Trump to address House GOP ahead of ObamaCare repeal vote

Susan Collins

'Fox News Sunday': Paul Ryan: ObamaCare Replacement Bill Still Needs Work, But Likely to Pass Soon

Leadership's most urgent priority: Make sure they have the votes, changing the bill if necessary.

Democrats believe that the Republican plan to repeal and replace Obamacare can hurt the elderly Americans, as well as poor and working families.

"I think Thursday is most likely the day to bring it forward", the Wisconsin Republican told "Fox News Sunday".

While Ryan is optimistic about the bill's prospects in the House, Freedom Caucus chairman Mark Meadows reported yesterday that there remain 40 GOP representatives who will not vote for the bill in its current form.

"What Republicans have put forth is a awful bill-24 million people kicked off of health insurance which the [House] speaker calls 'an act of mercy, '" Pelosi said.

Those changes include allowing states the option of imposing Medicaid work requirements and the option of accepting Medicaid funding through block grants. "The dramatic reduction in the amount of subsidies means there's going to be fewer people covered".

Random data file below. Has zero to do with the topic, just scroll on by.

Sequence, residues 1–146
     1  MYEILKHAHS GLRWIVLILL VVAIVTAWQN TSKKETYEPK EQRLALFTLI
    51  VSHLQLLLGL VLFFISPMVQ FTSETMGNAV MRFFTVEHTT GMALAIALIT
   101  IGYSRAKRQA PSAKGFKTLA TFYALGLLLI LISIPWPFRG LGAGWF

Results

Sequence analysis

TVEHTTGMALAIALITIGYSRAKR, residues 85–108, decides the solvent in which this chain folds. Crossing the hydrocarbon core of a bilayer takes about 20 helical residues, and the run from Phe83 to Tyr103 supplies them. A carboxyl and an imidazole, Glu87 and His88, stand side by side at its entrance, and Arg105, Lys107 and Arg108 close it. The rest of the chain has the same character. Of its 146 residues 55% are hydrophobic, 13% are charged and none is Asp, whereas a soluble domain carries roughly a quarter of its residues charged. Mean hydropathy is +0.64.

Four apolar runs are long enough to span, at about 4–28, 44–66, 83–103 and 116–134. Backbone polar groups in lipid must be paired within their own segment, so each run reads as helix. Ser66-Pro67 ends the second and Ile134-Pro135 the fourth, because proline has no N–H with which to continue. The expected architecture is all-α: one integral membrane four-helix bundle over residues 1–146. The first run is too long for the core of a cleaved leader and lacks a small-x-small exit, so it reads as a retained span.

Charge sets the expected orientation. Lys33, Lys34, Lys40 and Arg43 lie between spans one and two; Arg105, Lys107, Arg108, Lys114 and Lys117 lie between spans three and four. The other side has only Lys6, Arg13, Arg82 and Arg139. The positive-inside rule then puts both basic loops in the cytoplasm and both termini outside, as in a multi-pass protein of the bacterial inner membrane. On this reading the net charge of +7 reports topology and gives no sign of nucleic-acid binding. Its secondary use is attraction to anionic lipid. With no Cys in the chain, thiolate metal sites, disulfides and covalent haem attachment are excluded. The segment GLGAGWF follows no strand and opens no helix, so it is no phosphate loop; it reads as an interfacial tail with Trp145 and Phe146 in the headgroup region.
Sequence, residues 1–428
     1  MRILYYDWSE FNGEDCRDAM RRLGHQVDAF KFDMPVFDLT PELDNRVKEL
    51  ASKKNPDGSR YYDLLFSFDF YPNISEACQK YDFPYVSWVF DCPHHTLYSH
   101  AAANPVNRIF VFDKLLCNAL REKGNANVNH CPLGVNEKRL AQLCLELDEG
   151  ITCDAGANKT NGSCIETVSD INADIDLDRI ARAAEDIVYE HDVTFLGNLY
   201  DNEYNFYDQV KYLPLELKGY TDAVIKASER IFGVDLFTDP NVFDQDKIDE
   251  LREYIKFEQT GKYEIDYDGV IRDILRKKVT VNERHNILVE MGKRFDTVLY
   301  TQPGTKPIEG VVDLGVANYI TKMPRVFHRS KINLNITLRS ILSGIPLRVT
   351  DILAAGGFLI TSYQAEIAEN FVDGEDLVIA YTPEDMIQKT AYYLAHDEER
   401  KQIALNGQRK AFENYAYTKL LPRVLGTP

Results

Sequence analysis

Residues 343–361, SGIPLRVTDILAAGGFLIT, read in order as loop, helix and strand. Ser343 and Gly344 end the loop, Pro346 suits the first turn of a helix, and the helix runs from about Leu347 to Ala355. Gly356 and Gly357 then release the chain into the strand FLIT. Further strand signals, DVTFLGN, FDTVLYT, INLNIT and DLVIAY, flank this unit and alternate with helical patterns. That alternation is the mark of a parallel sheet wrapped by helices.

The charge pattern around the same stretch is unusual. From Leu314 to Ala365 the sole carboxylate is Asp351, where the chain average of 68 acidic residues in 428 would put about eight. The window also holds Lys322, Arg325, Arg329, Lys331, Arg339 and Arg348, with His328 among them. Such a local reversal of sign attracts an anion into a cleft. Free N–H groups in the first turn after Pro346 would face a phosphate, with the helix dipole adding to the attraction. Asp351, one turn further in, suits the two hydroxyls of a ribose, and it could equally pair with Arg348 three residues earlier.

Trump administration officials - including Vice President Mike Pence, Secretary of Health and Human Services Tom Price and Centers of Medicare and Medicaid Administrator Seema Verma - have been meeting with GOP lawmakers in an attempt to help gain support for the American Health Care Act over the course of the past two months. Republicans hold a majority in the chamber but can not afford to have more than 21 defections for the measure to pass. Over the weekend, Meadows met with President Donald Trump to discuss conservative members' qualms with the bill. Rob Portman, R-Ohio, said his boss "shares (governors') concerns about the need to protect the Medicaid expansion population and give governors more flexibility to ensure they can design programs that meet the needs of their states". The bill faces an even tougher road in the Senate, where lawmakers are opposing it along the same lines as those in the House.

Collins said coverage issues must also be dealt with, citing a report from the Congressional Budget Office that said 14 million people would lose health coverage under the House bill over the next year and 24 million over the next decade. The association represents BCBS insurers that cover the vast majority of the roughly 10 million people enrolled in 2017 Obamacare plans.

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